const regexp = pathToRegexp("/:foo/(.*)");
    // keys = [{ name: 'foo', ... }, { name: 0, ... }]
     
    regexp.exec("/test/route");
    //=> [ '/test/route', 'test', 'route', index: 0, input: '/test/route', groups: undefined ]

    Modifiers

    Modifiers must be placed after the parameter (e.g. /:foo?, /(test)?, /:foo(test)?, or {-:foo(test)}?).

    Optional

    Parameters can be suffixed with a question mark (?) to make the parameter optional.

    const regexp = pathToRegexp("/:foo/:bar?");
    // keys = [{ name: 'foo', ... }, { name: 'bar', prefix: '/', modifier: '?' }]
     
    regexp.exec("/test");
    //=> [ '/test', 'test', undefined, index: 0, input: '/test', groups: undefined ]
     
    regexp.exec("/test/route");
    //=> [ '/test/route', 'test', 'route', index: 0, input: '/test/route', groups: undefined ]

    Tip: The prefix is also optional, escape the prefix \/ to make it required.

    When dealing with query strings, escape the question mark (?) so it doesn't mark the parameter as optional. Handling unordered data is outside the scope of this library.

    const regexp = pathToRegexp("/search/:tableName\\?useIndex=true&term=amazing");
     
    regexp.exec("/search/people?useIndex=true&term=amazing");
    //=> [ '/search/people?useIndex=true&term=amazing', 'people', index: 0, input: '/search/people?useIndex=true&term=amazing', groups: undefined ]
     
    // This library does not handle query strings in different orders
    regexp.exec("/search/people?term=amazing&useIndex=true");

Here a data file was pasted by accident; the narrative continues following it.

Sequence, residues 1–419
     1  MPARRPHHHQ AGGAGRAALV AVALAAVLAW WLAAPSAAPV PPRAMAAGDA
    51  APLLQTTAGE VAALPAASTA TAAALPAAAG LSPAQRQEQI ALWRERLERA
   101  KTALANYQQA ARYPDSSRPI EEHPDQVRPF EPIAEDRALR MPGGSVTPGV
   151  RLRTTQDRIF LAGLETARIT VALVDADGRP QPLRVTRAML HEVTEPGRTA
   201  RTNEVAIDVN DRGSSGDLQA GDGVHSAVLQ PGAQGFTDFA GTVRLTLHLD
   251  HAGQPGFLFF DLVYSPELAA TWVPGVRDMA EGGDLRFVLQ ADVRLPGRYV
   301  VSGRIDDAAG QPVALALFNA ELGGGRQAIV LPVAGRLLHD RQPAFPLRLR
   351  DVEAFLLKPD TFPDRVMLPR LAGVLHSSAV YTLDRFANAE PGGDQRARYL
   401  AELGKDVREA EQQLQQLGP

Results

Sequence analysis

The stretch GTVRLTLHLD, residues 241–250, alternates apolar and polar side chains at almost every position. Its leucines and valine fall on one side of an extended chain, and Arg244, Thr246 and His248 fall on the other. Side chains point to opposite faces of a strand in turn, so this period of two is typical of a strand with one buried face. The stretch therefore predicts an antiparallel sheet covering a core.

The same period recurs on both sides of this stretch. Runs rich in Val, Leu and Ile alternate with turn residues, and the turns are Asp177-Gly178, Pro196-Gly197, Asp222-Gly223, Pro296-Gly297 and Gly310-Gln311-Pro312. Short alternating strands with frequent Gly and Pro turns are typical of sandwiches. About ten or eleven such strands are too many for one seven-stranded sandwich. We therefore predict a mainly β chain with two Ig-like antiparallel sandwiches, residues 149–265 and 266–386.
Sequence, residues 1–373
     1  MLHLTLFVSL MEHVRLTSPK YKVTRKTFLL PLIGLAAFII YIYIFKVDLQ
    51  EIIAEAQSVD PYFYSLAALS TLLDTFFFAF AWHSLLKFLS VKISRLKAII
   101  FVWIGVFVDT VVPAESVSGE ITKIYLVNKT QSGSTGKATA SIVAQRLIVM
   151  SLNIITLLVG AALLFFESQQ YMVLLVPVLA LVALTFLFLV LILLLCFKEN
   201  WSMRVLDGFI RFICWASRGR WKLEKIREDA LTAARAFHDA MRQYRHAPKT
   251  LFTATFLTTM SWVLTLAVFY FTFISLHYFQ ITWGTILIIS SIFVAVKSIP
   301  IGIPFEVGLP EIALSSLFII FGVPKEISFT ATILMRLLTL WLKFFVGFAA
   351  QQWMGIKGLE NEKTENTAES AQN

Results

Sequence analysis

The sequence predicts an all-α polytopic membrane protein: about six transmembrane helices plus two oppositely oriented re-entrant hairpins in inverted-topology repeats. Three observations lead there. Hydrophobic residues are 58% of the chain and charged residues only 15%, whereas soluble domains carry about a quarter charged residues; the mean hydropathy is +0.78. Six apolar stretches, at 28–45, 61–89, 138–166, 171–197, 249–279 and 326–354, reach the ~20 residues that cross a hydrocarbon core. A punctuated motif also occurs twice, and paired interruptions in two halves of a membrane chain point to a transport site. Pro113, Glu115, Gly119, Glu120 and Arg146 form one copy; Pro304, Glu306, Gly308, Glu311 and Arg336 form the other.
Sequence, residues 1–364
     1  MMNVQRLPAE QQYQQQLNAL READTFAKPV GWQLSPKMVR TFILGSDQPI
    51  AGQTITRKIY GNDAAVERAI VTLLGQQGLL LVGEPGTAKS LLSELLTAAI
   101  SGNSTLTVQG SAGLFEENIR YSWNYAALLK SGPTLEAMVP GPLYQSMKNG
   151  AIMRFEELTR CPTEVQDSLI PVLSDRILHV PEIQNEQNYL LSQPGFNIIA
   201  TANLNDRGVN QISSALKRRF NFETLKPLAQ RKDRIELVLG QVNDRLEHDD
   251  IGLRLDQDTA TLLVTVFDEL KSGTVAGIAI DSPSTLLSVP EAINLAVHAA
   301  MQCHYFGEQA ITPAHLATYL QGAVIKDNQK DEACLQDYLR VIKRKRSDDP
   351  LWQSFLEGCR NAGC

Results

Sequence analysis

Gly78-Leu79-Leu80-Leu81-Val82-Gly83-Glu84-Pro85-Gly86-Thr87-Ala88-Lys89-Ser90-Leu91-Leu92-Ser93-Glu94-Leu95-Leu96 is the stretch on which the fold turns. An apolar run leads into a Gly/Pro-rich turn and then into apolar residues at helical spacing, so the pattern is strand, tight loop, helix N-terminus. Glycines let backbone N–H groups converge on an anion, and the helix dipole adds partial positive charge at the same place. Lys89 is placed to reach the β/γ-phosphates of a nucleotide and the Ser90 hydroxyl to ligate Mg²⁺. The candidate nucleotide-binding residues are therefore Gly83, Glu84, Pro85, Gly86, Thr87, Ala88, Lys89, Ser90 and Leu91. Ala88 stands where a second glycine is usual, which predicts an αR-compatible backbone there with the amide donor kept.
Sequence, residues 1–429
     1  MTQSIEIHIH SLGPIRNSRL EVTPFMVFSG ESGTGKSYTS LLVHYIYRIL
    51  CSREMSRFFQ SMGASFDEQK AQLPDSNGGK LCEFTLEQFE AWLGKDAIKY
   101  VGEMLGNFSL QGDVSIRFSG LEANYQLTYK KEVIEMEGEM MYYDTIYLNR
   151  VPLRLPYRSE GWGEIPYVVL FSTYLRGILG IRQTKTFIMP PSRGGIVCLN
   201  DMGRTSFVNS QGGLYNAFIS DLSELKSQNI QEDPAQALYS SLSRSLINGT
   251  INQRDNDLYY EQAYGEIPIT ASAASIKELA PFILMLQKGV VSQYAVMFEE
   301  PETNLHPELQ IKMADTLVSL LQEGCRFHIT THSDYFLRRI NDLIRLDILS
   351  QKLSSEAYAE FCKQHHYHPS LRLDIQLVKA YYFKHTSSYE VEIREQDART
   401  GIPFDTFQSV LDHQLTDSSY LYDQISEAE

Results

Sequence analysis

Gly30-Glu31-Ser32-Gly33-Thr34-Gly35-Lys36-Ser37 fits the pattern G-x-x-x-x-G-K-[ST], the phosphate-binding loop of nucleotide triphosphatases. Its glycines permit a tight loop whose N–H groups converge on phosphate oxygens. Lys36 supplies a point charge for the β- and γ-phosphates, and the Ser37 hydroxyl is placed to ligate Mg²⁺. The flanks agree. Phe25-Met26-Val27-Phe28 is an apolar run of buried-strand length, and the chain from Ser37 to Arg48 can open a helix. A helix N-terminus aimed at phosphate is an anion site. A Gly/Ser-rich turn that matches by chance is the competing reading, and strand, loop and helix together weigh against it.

//=> null
    Zero or more

    Parameters can be suffixed with an asterisk (*) to denote a zero or more parameter matches.

    const regexp = pathToRegexp("/:foo*");
    // keys = [{ name: 'foo', prefix: '/', modifier: '*' }]
     
    regexp.exec("/");
    //=> [ '/', undefined, index: 0, input: '/', groups: undefined ]
     
    regexp.exec("/bar/baz");
    //=> [ '/bar/baz', 'bar/baz', index: 0, input: '/bar/baz', groups: undefined ]
    One or more

    Parameters can be suffixed with a plus sign (+) to denote a one or more parameter matches.

    const regexp = pathToRegexp("/:foo+");
    // keys = [{ name: 'foo', prefix: '/', modifier: '+' }]
     
    regexp.exec("/");
    //=> null
     
    regexp.exec("/bar/baz");
    //=> [ '/bar/baz','bar/baz', index: 0, input: '/bar/baz', groups: undefined ]

    Match

    The match function will return a function for transforming paths into parameters:

    // Make sure you consistently `decode` segments.
    const match = match("/user/:id", { decode: decodeURIComponent });
     
    match("/user/123"); //=> { path: '/user/123', index: 0, params: { id: '123' } }
    match("/invalid"); //=> false
    match("/user/caf%C3%A9"); //=> { path: '/user/caf%C3%A9', index: 0, params: { id: 'café' } }

    Process Pathname

    You should make sure variations of the same path match the expected path. Here's one possible solution using encode:

    const match = match("/café", { encode: encodeURI, decode: decodeURIComponent });
     
    match("/user/caf%C3%A9"); //=> { path: '/user/caf%C3%A9', index: 0, params: { id: 'café' } }

    Note: URL automatically encodes pathnames for you.

    Alternative Using Normalize

    Sometimes you won't have an already normalized pathname. You can normalize it yourself before processing:

    /**
     * Normalize a pathname for matching, replaces multiple slashes with a single
     * slash and normalizes unicode characters to "NFC". When using this method,
     * `decode` should be an identity function so you don't decode strings twice.
     */
    function normalizePathname(pathname: string) {
      return (
        decodeURI(pathname)
          // Replaces repeated slashes in the URL.